Boeing's Turbulent Times: Stock Faces Multiple Headwinds

Boeing, once the undisputed giant of the aerospace industry, finds itself in turbulent times in a year plagued by false starts and an engineer found dead—but was it really a suicide?

Boeing stock (NYSE:BA) performance in 2024 is showcasing a blend of strengths and areas needing improvement. Boeing, once the undisputed giant of the aerospace industry, finds itself in a turbulent phase.

In a year plagued by false starts and controversy around several areas of their business, investors are concerned on Boeing's role in their portfolio.

In this article, we deep dive into the major issues overshadowing Boeing stock and what it may mean for the company going forward.

Boeing Whistleblower Found Dead

John Barnett, a former Boeing employee known for raising concerns about the company's production issues, was found dead of an apparent suicide, authorities in South Carolina reported. Barnett, who had worked at Boeing for 32 years before leaving in 2017, had been actively involved in highlighting production issues within the company.

The 62-year-old was confirmed to have died from a self-inflicted gunshot wound, according to the Charleston County coroner's office. The Charleston City police are investigating the circumstances surrounding his death, though no further details have been provided.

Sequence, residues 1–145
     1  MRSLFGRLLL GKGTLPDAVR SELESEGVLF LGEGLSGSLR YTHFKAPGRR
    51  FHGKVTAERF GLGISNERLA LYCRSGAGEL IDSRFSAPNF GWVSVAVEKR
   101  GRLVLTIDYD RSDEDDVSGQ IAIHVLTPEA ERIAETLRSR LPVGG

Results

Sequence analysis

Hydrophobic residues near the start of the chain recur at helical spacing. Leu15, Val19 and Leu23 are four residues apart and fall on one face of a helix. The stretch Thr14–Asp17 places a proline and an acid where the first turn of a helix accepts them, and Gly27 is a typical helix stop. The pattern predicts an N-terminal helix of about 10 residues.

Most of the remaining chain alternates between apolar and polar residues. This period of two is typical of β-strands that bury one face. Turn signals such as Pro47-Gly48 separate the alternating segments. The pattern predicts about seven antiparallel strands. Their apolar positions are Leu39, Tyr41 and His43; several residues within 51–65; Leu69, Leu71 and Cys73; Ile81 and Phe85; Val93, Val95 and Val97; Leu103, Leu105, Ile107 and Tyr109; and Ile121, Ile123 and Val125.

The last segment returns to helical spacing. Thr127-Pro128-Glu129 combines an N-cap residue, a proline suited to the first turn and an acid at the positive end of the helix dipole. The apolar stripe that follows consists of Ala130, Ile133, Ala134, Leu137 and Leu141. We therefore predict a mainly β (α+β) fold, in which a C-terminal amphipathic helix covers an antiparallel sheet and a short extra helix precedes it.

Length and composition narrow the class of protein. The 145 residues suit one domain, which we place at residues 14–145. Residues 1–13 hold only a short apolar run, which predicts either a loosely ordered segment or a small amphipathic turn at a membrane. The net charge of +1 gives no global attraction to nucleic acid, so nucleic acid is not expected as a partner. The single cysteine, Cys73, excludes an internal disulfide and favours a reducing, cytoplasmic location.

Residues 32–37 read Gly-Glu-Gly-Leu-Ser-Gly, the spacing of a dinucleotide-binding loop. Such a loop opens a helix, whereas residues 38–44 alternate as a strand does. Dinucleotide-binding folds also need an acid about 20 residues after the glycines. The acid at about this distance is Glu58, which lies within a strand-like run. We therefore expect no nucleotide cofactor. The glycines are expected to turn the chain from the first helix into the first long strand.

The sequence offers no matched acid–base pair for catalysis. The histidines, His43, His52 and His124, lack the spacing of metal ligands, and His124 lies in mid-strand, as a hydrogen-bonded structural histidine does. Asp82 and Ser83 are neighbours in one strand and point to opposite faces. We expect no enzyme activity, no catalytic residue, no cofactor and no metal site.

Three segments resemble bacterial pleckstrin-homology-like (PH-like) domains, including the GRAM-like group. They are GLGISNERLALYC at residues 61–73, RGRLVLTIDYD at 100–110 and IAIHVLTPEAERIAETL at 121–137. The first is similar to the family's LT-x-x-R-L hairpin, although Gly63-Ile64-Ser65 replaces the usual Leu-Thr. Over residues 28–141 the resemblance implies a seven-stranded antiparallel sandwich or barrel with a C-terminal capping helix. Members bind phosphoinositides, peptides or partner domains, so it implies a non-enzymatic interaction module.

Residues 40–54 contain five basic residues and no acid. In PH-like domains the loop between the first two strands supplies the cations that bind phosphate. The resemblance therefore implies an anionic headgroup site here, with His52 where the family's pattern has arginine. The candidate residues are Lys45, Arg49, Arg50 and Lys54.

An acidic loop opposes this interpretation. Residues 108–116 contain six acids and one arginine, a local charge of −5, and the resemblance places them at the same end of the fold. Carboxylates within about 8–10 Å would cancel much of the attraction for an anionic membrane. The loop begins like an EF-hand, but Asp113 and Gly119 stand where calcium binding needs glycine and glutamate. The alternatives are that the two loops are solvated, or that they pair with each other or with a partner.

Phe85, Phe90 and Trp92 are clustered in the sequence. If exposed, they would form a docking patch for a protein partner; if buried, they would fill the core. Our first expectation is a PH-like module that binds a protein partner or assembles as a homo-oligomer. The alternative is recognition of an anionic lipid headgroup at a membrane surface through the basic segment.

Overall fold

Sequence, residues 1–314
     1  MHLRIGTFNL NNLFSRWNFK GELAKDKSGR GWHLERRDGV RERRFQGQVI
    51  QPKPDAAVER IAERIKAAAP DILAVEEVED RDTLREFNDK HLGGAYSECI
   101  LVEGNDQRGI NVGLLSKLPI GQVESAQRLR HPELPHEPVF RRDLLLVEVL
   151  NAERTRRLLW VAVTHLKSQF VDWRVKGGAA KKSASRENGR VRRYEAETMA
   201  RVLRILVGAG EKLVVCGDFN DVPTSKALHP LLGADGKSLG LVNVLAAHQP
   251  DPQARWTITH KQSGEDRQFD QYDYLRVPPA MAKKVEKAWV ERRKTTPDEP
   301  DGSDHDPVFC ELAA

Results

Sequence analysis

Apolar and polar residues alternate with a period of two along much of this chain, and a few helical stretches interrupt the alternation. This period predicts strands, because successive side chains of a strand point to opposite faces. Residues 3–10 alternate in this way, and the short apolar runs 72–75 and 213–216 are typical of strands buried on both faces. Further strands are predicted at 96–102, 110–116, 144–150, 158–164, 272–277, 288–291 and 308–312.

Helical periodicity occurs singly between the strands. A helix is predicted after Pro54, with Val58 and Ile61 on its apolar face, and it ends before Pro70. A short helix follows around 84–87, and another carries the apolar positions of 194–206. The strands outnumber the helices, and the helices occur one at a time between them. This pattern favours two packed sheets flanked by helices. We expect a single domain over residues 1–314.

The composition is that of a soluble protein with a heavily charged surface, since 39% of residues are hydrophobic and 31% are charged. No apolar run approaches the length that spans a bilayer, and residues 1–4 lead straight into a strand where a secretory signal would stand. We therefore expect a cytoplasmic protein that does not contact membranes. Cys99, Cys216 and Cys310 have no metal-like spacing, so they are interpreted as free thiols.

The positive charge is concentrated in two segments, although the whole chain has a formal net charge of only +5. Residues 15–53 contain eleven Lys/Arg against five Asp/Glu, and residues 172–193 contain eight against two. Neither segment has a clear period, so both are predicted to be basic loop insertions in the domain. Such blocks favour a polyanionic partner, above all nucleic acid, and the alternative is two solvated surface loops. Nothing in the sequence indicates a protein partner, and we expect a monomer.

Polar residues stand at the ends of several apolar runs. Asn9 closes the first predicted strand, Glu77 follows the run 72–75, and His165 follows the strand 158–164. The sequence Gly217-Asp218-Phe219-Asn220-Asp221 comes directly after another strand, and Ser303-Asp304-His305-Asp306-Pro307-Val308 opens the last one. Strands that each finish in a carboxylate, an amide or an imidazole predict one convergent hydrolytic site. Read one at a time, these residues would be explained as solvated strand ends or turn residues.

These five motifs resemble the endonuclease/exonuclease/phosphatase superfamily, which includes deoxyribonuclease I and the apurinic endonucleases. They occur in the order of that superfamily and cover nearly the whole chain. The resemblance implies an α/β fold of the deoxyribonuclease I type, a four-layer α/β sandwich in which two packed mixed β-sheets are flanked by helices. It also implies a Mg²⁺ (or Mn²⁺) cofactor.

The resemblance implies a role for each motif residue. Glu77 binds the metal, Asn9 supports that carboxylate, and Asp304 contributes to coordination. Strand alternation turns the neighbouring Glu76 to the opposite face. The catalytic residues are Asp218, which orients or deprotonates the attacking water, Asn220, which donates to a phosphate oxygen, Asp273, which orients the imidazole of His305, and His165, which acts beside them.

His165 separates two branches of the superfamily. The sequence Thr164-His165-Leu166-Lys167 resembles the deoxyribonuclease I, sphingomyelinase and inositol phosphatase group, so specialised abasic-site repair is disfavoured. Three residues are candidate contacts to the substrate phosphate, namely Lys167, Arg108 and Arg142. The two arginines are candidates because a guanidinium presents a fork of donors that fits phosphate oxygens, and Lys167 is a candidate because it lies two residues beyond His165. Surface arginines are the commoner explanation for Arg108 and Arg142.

Barnett's death occurred while he was in the midst of a deposition for an ongoing whistleblower retaliation case against Boeing. His attorneys, Robert Turkewitz and Brian Knowles, expressed shock at the news, stating, "He was in very good spirits and really looking forward to putting this phase of his life behind him and moving on. We didn't see any indication he would take his own life. No one can believe it."

John Barnett actually warned his family that potentially his life was in danger several weeks before his death.

'If anything happens, it's not suicide' - John Barnett

As a quality manager at Boeing, Barnett had uncovered significant safety issues with the Boeing 787 Dreamliner. His efforts to bring these problems to light reportedly led to retaliation and a hostile work environment, according to his attorneys.

Barnett had been vocal about safety concerns, notably following a January 5 incident involving a Boeing 737 MAX 9 plane, where a panel blew out mid-flight, exposing passengers to the outside air and necessitating an emergency landing. This incident contributed to the ongoing crisis around Boeing's safety and quality standards, which have since led to regulatory scrutiny and production delays across the aerospace industry.Ongoing Problems with the MAX Airliner

The 737 MAX crisis continues to haunt Boeing. Despite the aircraft's return to service after lengthy grounding due to safety concerns, new issues have emerged. Reports of electrical problems and the need for additional inspections have caused delays and disrupted delivery schedules. These ongoing technical difficulties not only erode customer confidence but also strain Boeing's financial recovery efforts.